OPINION: In primary schools they have a phrase. Kids are sometimes "caught being good".
It's a praiseworthy alternative to being caught being bad. It means that something well done didn't go unnoticed.
Journalists will tell you that catching southerners being good can sometimes take every bit as much work, if not moreso, than the unhappier alternative.
Yesterday's report of Riverton man Joe Dawson's "dig out" from his mates was a case in point, and not because anyone was being a jerk. The story itself was all sorts of heartening. Left blind after an accident followed by a medical incident, the former sawmill worker needed a new roof and people stepped up. Not really a complicated story, you'll agree.
Much as this was the sort of act that epitomises the community spirit we have down here, there was something every bit as typical about the reaction when people became aware we had found out about it.
The paper was chasing it as a story? It was all a bit mortifying. Staunch southerners suddenly feeling embarrassed. It certainly wasn't as if Mr Dawson had gone looking for a handout. Or that Rivertonians were feeling skitey or self-satisfied.
It took several weeks to land that story and we're aware that it entailed a fair bit of genuine discomfort all round. Much as we could say it was a chance to thank people, let's be honest - the thanks and the "you're welcomes" had already been traded and with real sincerity.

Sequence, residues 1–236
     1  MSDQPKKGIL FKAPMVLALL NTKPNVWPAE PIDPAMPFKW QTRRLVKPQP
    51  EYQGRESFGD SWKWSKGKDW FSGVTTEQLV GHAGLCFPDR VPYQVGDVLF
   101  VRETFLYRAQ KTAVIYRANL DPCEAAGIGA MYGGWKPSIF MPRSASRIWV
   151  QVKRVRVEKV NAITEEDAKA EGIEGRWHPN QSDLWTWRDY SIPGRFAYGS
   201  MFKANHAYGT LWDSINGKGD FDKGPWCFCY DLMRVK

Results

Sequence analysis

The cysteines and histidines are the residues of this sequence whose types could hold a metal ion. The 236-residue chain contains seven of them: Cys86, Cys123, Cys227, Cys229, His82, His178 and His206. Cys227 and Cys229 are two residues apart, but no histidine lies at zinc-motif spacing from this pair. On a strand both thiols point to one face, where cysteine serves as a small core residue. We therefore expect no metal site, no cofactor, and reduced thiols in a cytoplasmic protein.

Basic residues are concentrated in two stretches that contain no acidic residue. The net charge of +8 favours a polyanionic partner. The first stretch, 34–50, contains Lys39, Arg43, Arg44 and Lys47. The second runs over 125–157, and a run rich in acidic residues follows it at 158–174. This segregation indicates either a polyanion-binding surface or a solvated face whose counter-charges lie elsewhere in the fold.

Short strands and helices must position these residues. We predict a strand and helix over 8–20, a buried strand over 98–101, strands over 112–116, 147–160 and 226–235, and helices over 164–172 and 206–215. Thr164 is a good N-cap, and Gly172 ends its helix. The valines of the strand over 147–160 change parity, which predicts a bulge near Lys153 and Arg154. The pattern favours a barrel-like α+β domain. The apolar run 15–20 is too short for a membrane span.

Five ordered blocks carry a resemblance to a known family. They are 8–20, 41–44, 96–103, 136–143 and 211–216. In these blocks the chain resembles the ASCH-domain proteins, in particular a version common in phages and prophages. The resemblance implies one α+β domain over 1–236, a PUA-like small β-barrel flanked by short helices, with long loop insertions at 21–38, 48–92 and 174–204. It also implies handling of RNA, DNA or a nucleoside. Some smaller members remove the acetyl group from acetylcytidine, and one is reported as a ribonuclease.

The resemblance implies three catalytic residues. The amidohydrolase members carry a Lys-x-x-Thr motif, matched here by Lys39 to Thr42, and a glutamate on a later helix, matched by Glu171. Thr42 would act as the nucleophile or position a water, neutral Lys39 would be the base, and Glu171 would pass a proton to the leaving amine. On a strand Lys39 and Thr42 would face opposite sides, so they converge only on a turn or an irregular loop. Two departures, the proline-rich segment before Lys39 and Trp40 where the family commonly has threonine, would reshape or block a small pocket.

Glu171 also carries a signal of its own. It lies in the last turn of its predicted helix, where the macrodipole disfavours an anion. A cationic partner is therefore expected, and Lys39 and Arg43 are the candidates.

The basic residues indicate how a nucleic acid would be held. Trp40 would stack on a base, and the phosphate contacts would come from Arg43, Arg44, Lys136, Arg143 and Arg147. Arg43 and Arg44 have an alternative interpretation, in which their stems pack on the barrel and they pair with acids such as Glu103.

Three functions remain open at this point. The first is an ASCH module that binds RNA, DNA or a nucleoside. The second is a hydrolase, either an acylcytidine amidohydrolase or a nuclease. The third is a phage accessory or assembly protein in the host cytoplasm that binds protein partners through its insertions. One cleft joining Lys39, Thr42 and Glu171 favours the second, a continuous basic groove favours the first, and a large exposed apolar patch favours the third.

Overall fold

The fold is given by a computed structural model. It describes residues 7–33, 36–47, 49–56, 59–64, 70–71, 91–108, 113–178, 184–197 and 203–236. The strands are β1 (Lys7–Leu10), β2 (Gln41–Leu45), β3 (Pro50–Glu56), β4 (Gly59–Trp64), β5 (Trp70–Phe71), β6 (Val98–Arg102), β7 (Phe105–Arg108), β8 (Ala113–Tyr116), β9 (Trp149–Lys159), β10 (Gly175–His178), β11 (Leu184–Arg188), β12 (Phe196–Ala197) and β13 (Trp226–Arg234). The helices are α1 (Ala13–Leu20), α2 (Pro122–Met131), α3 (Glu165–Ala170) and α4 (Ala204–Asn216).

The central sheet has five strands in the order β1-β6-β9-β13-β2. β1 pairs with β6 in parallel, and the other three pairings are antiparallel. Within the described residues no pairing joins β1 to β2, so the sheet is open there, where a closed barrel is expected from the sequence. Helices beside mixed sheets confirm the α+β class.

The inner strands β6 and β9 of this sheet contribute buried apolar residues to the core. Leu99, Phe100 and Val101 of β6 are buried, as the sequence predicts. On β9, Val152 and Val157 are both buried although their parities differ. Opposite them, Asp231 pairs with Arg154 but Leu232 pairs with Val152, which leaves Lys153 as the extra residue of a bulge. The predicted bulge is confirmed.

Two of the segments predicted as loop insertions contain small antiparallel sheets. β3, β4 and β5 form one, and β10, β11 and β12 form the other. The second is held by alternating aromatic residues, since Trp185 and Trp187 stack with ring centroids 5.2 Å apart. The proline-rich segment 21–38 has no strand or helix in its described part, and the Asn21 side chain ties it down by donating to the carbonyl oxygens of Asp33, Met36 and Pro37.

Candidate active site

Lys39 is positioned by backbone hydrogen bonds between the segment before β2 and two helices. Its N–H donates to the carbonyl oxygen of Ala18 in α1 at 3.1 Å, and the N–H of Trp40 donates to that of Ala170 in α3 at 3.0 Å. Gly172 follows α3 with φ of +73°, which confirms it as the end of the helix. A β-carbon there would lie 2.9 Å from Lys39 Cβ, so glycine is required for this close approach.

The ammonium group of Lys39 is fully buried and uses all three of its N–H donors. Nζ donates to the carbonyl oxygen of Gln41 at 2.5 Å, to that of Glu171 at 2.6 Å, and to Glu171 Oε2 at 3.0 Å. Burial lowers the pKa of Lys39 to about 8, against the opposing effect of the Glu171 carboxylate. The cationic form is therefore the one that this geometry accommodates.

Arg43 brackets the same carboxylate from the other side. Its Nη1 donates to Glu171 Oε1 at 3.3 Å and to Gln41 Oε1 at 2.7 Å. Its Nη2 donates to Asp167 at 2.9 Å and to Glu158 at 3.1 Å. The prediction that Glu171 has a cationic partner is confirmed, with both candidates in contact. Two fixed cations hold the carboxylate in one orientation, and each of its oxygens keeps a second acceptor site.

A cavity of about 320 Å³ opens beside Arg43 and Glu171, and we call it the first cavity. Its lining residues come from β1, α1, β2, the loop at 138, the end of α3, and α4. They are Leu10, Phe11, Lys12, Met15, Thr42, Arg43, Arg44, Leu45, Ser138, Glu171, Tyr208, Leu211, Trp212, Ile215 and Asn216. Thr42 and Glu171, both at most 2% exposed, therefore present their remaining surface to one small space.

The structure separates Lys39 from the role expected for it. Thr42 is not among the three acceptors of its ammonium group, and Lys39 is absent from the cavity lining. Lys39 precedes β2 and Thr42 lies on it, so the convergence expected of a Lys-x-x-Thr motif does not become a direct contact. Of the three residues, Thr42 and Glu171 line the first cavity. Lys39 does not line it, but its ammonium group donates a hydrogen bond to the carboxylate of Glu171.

The concern was that we were going to amplify it; this personal thing between a man and his community. (And now an editorial? Sheesh.)
Well, kudos for all concerned - but it's not just about giving full credit.
A large part of the good that these stories serve is that at heart they are less about anybody's loss of independence than a reminder of our interdependence.
Mr Dawson wasn't wrong when he said of the people around him that "helping out is just what they do". But it's no less important to accept help than to give it, particularly because it is the nature of community life that needs will often change and the same bunch of people will sooner or later need to reposition the roles with someone else the abashed-but-grateful centre of attention.
Each person who accepts help with head held high is in turn helping the next person who will be in that position. And so it goes. To accept community acts of generosity in good spirit becomes, itself, an act of generosity.
Sometimes legitimate need can require a great many helpers, particularly in cases where expensive medical treatment is needed and fundraising appeals must be made. This can entail a focus of public attention at the most stressful and difficult times imaginable.
Or it can be as easy and convivial a matter as those cheerful gatherings that are sometimes called to thank volunteers in our midst.
Whatever the scale, the most hard-headed journalists know that shining examples of community spirit are no less legitimate news for being good news. We really do need to encourage one another in such things. It helps keep people's antennae up for the the next opportunity to do some good.
And we're happy to report it happening whenever we can. Sometimes, because of the need to prioritise resources, those reports may be just a tad smaller and less prominent than other times. But there are some folk around Riverton way who will probably tell you there are positives and negatives whichever way it goes.
- © Fairfax NZ News
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